However, I do benefit from (a) working in jeans and t-shirt (though I don't ride in my work clothes anyway), and (b) working 2 minutes away from the Westwood sports center, fully equipped with nice hot showers.

    28 Sep 2004, 13:05

  9. Steve Rumsby

    I'm with Chris. There was one day last winter when I chose not to cycle. That was because there was ice on the ground and I didn't fancy it on semi-slicks (and only because I did try it the previous day and came off)! I cycled every other day, come hail, rain, wind, snow, fog, etc.

    I only have a short ride. If I had to ride as far as Chris, well I probably wouldn't have started, but now that I do cycle regularly I would stick with it even if I had to ride that far. I also work in University House, which comes equipped with a locker room and showers. So I can ride in sensible clothes and dry/shower off and change when I arrive. I did spend a year cycling to Senate House, which doesn't have such facilities, and still cycled in all weathers.

    I really isn't that bad.

    28 Sep 2004, 15:16

  10. Thanks for the info! But I decided to get a bus pass this term. Having a load of good books is a must though… Will bike after christmas, when I get my bike up from home. (Another reason I've stopped biking is I started having trouble with my back: think my bike's too small, or something… dunno,... :/)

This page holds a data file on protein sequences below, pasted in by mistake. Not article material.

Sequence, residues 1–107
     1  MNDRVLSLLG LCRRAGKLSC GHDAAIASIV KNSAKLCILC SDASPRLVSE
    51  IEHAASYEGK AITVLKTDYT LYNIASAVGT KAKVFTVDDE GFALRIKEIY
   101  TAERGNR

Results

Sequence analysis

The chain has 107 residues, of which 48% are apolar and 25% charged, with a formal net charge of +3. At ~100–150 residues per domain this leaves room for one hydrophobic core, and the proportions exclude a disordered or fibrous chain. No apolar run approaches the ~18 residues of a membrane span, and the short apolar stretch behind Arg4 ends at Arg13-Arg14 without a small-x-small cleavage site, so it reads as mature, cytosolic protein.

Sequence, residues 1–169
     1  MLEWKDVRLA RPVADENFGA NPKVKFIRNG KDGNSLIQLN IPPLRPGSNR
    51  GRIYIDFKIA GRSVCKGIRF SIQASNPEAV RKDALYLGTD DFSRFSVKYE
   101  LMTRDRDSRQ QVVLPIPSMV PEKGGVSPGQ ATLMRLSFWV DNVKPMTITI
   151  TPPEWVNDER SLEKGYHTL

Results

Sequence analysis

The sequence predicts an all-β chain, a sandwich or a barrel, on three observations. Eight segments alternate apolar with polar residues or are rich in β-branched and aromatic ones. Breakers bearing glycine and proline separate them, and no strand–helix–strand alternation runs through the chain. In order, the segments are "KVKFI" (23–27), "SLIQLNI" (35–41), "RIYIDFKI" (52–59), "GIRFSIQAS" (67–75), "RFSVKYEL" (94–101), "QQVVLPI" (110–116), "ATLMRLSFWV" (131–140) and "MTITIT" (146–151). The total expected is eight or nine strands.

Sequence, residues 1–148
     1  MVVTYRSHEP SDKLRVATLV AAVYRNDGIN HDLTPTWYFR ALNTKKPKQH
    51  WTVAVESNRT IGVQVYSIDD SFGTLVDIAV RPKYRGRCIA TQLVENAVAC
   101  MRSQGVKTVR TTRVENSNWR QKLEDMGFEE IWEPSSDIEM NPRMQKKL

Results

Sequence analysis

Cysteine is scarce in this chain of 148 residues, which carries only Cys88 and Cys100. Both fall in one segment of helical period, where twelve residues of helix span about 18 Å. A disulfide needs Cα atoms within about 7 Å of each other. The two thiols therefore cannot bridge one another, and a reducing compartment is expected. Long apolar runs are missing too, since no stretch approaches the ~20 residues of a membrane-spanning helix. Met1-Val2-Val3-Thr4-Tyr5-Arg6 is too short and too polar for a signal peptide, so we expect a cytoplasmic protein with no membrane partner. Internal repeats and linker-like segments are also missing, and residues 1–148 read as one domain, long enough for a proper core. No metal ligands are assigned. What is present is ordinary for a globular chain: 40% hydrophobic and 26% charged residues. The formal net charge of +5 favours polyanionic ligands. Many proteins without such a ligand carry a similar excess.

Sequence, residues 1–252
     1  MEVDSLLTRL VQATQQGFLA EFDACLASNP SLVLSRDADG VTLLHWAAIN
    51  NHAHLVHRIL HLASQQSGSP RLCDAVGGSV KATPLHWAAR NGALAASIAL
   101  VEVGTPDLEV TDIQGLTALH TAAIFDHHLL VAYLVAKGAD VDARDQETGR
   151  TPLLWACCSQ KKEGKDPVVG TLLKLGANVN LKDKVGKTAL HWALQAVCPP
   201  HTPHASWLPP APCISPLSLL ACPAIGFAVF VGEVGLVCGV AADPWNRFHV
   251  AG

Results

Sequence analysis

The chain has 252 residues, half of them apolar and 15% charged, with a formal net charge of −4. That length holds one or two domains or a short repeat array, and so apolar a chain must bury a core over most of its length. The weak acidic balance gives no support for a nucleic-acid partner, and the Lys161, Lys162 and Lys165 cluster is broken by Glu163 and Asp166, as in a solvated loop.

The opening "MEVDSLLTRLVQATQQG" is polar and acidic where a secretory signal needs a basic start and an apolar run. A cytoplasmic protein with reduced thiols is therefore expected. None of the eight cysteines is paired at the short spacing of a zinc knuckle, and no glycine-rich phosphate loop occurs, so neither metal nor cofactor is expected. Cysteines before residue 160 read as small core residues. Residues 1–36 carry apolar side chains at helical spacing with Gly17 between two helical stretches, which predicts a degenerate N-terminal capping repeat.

28 Sep 2004, 15:43

  11. Well James' comment has made me feel better – after hearing about the motorway accident, I decided to drive via Stoneleigh rather than A45 and although there was a good queue of traffic, from what James is saying it would have still been worse coming via A45. Thanks James! :-)

    28 Sep 2004, 16:50

  12. Yes the A45 was hellish this morning. I drive from south Derbyshire each day. Yesterday it took an hour, today it took two! I missed my first introduction of the day.

    At least I know the reason now, thank you She Bevan.

    28 Sep 2004, 22:12

  13. The A45 is not just a bad road at rush hour. Its straight up diabolically EVIL!!!!!!!!! A tortoise could get into uni quicker. Thus hear I am at 8.15 on a thursday morning. Hmm, really needing sleep about now. Oh well, at least i don't have many 9.00 lectures this term. And I'm getting my car up in a few weeks .Hurrah!!

    30 Sep 2004, 08:20

  14. James Taylor

    Went in extra early this morning (hear at the science park for 8:03am) – it seems the crossroads by the Wing Wah backs up no matter WHAT time you come in, but the traffic at the Canley roundabout is greatly reduced.

    Still I had to smile to myself as I saw a few people on bikes dolled up in waterproofs pedalling into the horrible kind of slanty thin driving rain whilst I sat in my comfortable car, giving my new subwoofer a work out to the Keane album 'Hopes and Fears' :D

    30 Sep 2004, 09:16

  15. I realise this isnt really on the same subject, but I took forever getting into campus this morning, because of the absolutely shameful service of Stagecoach. Im a third year so have been experiencing ther annoyingness for over a year, but still they never fail to aggravate me when their 'every ten minutes' service fails to deliver even one bus in half an hour. then ten come at once,all full to the brim. even more annoyingly, this forces me to resort to travelling on the west midlands number 12, and, therefore, to spending unnecessary money so as to have the correct change for their stupid machines!!! aaaarrgggghhhh, anyone else an avid stagecoach hater??

    30 Sep 2004, 11:43

  16. i live in cannon park and i know nothing about the traffic. But it is interesting to read others' experience. Anyway, good luck!
    By the way, i am new comer from China, nice to see everyone here.